The Uncertain Future of Gender Pay Reporting

Mark Blondman and Emery Gullickson Richards

As you may recall, in 2016, the Equal Employment Opportunity Commission (“EEOC”) issued a Rule requiring private employers with more than 100 workers to include certain pay data, based on gender, race, and ethnicity, on their Form EEO-1s. The Rule, which purportedly was aimed at encouraging employers to ensure that compensation was directly related to jobs being performed and as a means of combating pay disparities, was slated to go into effect with the filing of EEO-1 forms in March 2018.

Under President Trump, the Office of Management and Budget (“OMB”) blocked enforcement of the Rule and announced that decision in August 2017.

On March 4, 2019, Judge Tanya Chutkan of the United States District Court for the District of Columbia, in response to a 2017 lawsuit filed by advocacy groups including the National Women’s Law Center, issued an Opinion and Order directing that the OMB reinstate the EEOC’s 2016 pay reporting Rule. Judge Chutkan found that the “OMB’s decision to stay the collection of information totally lacked the reasoned explanation that the APA [Administrative Procedures Act] requires,” and therefore was not entitled to deference. The ruling faulted the agency’s justification for staying the rule, finding that it contradicted its own prior findings that collection of gender pay data was useful, that steps had been taken to minimize the reporting burden on employers, and that adequate privacy protections were provided.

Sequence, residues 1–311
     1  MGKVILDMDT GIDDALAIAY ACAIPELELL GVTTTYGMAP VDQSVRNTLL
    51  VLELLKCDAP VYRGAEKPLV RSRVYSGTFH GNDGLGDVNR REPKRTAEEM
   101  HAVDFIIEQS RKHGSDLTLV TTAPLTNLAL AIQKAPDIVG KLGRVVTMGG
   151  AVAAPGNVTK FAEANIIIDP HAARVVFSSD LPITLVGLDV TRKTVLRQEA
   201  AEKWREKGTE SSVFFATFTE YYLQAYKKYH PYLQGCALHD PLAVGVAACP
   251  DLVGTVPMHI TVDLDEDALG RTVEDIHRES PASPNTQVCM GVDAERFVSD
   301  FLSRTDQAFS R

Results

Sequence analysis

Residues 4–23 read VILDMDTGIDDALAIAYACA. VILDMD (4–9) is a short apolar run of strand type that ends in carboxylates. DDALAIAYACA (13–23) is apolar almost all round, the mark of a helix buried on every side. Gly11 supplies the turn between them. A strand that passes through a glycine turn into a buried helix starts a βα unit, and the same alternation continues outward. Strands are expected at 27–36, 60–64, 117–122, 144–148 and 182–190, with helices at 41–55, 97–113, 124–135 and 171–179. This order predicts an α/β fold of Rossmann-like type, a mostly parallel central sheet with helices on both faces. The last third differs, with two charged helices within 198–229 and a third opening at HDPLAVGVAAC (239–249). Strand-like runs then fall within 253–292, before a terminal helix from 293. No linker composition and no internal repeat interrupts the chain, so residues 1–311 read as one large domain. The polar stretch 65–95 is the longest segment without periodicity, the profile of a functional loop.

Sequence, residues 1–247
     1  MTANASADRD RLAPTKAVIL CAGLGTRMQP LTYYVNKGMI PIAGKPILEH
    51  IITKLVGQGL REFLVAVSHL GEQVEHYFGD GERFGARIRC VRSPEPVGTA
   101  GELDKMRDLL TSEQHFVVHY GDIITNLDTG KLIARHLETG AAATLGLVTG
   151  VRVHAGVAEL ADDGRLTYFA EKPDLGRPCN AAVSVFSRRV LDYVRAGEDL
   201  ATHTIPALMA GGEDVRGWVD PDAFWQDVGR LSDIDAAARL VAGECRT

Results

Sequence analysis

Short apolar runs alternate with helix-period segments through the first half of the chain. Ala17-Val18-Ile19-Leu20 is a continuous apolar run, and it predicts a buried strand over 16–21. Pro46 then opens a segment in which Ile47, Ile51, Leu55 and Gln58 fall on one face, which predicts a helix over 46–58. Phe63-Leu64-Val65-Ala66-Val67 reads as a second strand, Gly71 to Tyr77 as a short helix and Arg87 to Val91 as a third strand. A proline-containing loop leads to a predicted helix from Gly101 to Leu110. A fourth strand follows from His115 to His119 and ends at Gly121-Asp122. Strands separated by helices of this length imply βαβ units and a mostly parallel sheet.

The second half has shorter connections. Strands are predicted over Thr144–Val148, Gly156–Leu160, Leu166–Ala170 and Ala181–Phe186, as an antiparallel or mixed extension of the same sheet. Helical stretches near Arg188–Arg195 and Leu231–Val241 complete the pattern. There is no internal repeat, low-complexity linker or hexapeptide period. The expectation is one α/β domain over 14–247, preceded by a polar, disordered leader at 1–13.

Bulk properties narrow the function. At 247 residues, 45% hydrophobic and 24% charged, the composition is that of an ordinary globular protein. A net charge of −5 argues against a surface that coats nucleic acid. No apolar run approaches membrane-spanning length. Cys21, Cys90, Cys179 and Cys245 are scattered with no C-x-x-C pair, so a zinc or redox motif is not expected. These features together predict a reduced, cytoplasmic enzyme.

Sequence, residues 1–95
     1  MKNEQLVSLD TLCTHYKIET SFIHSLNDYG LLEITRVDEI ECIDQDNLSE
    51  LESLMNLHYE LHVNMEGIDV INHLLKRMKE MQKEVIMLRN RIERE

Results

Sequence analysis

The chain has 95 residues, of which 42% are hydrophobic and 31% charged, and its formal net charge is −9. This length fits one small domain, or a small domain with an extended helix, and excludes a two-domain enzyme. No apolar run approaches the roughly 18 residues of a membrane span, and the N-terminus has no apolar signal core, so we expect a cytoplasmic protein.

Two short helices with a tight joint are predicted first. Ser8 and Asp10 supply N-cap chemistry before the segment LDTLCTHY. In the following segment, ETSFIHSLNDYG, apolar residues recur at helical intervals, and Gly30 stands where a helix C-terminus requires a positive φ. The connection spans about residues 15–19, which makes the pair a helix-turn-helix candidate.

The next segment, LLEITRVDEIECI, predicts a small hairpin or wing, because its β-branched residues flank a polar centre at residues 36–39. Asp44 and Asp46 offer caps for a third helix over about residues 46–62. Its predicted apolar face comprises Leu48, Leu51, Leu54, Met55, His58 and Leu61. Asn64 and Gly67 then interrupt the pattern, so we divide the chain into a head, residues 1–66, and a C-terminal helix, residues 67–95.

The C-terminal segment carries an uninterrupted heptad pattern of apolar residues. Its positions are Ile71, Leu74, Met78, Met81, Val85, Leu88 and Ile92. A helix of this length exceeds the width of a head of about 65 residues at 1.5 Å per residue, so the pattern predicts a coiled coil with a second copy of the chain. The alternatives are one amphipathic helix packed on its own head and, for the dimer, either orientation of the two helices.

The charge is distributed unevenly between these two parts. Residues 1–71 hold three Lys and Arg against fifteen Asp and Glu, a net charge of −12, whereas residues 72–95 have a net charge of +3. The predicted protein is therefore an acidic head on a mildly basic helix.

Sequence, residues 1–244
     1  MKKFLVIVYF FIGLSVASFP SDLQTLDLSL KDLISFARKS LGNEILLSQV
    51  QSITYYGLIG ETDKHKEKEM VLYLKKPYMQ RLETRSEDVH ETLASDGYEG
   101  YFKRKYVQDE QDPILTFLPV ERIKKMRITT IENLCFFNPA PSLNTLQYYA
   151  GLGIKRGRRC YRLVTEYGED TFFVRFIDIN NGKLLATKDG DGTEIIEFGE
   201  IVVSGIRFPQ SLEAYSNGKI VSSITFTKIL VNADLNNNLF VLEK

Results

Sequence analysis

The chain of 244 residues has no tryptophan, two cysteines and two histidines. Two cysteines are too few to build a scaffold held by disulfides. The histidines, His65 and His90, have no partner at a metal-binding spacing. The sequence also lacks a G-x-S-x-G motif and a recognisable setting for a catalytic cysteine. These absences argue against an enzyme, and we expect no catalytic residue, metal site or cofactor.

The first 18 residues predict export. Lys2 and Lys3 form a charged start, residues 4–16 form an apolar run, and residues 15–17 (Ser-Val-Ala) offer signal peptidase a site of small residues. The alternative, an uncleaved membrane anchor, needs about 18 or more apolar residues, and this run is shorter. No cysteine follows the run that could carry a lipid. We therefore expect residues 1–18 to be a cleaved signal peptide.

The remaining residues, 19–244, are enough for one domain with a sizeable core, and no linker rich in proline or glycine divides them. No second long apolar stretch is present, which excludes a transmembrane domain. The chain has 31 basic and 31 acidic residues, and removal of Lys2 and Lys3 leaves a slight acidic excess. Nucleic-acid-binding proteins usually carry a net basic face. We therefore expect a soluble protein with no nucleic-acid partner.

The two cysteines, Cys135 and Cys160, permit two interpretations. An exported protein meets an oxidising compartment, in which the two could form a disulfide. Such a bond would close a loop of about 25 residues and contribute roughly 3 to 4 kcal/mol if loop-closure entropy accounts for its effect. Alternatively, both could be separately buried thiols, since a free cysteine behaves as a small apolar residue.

Judge Chutkan’s March 4 ruling, if left undisturbed, would resuscitate the Rule, requiring the collection and reporting by large companies of aggregated W-2 data and hours worked in 10 job categories, across 12 pay ranges, for each of a company’s physical locations. At this time, there is no consensus on whether employers must comply with the reporting Rule by May 31, 2019, the recently extended deadline to annually report EEO-1 data. Given the Trump administration’s position, it seems likely that the OMB will appeal the decision and seek a stay pending an appellate ruling. If there is no appeal, it will be interesting to see if the EEOC will extend the deadline for the filing of 2019 EEO-1s, which must include the expanded pay data, beyond May 31. Our best advice is that covered employers should begin collecting the data requested by the Rule and be prepared to include it in their filings later this Spring. We will continue to monitor the situation and will provide updates as they become available.


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